The following is an excerpt from the book, Divorce: It’s All About Control — How To Win the Emotional, Psychological and Legal Wars (ExecuProv Press), by renowned family law specialist and managing partner of Phillips Lerner, A Law Corporation in Los Angeles, CA, Stacy D. Phillips. In Chapter Three, “The Control Wars: The Typical Three,” Phillips helps the reader to understand the differences between the three major wars, what characteristics differentiate the three, and whether they are worth fighting. In this second of a three-part series, Ms. Phillips explains the Psychological War. She writes:
THE PSYCHOLOGICAL WAR
Psychological warfare can be one of the cruelest forms of combat since it is sinister and deviant. Unlike many emotional wars, psychological wars take plotting, planning and time. Those who choose this path often do so by carefully calculating how to effectively hurt their soon-to-be or ex-spouse, in a deep and often vicious way, by disturbing their mental equilibrium. Indeed, most people who choose to use weapons of “mind destruction” play out a chess game of sorts in their heads beforehand, strategizing and even carefully plotting eventual counterattacks. They can play out a scenario anticipating a response, then offer another attack, aimed at further maiming one’s mental well-being, or destroying it altogether.
In brief, it is when one person (or both) tries to make the other question his or her sanity, or when one or the other attempts to persuade others that his or her opponent is not mentally fit. Psychological Warfare extends beyond these boundaries to include any attack that plays havoc with one’s peace of mind and mental well being or focuses on the object of ruin. In the Psychological War, “mind games” are the order or the day!
A prime example might be the couple who meets for dinner to discuss what school their child should attend. He orders a drink for her but orders a Martini (his secretary’s favorite) knowing full well his wife always orders a Marguerita. She is left to speculate about all kinds of possibilities, chiefly, whether or not her ex-spouse was, or is, having an affair with his secretary. Leaving a person to wonder and causing them to ruminate endlessly is what a Psychological War is all about.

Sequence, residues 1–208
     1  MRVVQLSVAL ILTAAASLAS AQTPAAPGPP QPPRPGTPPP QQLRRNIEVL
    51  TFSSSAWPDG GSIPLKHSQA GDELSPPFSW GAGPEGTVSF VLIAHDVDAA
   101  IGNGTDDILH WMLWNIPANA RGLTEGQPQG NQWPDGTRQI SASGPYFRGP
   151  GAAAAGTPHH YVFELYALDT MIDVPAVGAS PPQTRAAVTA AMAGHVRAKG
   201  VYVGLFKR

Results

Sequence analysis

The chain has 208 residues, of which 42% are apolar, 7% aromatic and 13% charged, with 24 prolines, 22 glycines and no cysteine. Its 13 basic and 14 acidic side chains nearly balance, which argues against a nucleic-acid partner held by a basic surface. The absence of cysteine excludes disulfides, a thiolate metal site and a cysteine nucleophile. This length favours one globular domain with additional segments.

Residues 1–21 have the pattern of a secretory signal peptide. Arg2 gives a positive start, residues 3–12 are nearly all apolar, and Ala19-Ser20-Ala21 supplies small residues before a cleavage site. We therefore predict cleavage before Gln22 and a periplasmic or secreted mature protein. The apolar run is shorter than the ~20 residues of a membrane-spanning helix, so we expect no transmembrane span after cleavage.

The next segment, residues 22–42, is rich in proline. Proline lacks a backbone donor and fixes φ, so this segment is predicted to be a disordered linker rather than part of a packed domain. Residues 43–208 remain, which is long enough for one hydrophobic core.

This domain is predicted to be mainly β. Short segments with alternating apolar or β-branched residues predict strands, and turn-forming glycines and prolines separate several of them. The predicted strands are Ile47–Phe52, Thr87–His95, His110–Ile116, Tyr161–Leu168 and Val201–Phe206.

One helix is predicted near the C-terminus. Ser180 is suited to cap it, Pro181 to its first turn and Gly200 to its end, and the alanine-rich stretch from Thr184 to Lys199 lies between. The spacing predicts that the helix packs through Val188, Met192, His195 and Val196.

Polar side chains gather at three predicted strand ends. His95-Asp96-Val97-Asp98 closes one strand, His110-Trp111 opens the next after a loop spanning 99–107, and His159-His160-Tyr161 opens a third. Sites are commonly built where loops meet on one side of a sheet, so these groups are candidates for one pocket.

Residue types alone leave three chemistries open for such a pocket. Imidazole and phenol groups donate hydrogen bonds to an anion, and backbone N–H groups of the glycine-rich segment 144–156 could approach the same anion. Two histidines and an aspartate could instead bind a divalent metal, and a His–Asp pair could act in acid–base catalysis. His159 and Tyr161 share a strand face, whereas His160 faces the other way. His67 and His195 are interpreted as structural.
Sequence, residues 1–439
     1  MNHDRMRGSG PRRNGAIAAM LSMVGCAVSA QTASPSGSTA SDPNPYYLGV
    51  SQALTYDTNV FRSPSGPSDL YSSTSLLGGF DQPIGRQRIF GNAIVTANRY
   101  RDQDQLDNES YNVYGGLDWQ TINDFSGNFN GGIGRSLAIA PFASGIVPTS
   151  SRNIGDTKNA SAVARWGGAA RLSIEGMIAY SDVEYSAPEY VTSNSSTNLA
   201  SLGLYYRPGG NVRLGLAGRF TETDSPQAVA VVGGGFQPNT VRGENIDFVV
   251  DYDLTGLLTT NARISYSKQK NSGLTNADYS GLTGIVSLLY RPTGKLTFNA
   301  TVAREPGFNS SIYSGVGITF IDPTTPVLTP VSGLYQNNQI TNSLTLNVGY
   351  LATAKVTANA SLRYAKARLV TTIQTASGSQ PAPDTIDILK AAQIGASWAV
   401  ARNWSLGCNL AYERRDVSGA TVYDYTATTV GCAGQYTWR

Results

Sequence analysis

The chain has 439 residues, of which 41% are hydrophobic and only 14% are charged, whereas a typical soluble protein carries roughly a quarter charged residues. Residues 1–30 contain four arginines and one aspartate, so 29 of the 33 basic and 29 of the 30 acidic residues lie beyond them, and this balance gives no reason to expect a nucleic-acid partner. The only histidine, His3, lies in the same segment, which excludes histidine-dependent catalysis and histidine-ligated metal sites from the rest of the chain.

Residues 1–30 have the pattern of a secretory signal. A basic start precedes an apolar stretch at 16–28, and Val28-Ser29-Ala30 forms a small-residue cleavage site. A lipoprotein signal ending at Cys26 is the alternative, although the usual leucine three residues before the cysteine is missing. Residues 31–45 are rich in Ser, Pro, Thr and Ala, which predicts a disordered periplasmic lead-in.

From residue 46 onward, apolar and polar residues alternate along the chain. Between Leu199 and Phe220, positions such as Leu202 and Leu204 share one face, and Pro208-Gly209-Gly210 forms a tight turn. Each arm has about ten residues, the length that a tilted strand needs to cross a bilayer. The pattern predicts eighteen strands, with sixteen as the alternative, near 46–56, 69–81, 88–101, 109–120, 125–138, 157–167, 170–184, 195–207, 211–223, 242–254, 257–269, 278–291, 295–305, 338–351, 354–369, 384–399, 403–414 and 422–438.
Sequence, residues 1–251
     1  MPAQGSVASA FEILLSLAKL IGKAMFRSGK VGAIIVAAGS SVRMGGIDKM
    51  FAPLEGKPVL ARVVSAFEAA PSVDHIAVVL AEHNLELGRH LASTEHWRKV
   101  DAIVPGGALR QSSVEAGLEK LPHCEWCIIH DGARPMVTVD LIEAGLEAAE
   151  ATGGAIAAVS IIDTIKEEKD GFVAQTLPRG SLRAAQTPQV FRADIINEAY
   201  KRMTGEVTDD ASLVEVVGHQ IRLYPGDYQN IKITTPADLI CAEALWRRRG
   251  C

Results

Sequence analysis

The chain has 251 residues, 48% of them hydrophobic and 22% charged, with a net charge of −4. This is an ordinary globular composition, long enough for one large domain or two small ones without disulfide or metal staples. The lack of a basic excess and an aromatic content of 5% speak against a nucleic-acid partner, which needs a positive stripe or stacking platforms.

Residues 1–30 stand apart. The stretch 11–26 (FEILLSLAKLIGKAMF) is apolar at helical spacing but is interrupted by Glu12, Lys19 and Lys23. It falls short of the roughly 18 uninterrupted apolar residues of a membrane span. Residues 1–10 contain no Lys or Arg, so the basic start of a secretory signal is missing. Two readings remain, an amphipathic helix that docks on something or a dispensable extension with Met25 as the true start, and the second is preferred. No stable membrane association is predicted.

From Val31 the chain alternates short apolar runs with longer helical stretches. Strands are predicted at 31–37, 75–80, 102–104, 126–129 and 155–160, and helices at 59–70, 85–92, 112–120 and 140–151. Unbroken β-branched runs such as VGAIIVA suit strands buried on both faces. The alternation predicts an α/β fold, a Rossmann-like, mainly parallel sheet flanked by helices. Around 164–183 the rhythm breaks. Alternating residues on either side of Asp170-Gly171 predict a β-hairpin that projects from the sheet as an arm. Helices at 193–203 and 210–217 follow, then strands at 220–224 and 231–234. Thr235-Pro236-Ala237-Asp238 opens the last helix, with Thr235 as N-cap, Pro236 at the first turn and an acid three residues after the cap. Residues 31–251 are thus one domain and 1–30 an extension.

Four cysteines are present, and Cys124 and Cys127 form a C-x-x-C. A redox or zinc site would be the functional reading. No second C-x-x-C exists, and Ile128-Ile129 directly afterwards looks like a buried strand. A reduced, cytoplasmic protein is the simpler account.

Everyone usually suffers in war. Ask yourself right now:
- Is war necessary?
- Will it get you what you want?
- Is it productive?
- Can you handle losing?
- Will you think less of yourself if you walk away from one?
- And most importantly, must you really fight a war to maintain a healthy sense of control?
The art of control comes in the ability to find equitable solutions and to make peace, both with your ex and yourself.
Read the other articles in this series:
- Part 1: The Divorce Wars – Emotional, Psychological and Legal
- Part 2: The Divorce Wars – Emotional, Psychological and Legal
- Part 3: The Divorce Wars – Emotional, Psychological and Legal
Stacy D. Phillips is a co-founder of Phillips Lerner, A Law Corporation, which specializes in high-profile family law matters. She is co-chair of the Women’s Political Committee and a member of Divorce Magazine’s North American Advisory Board.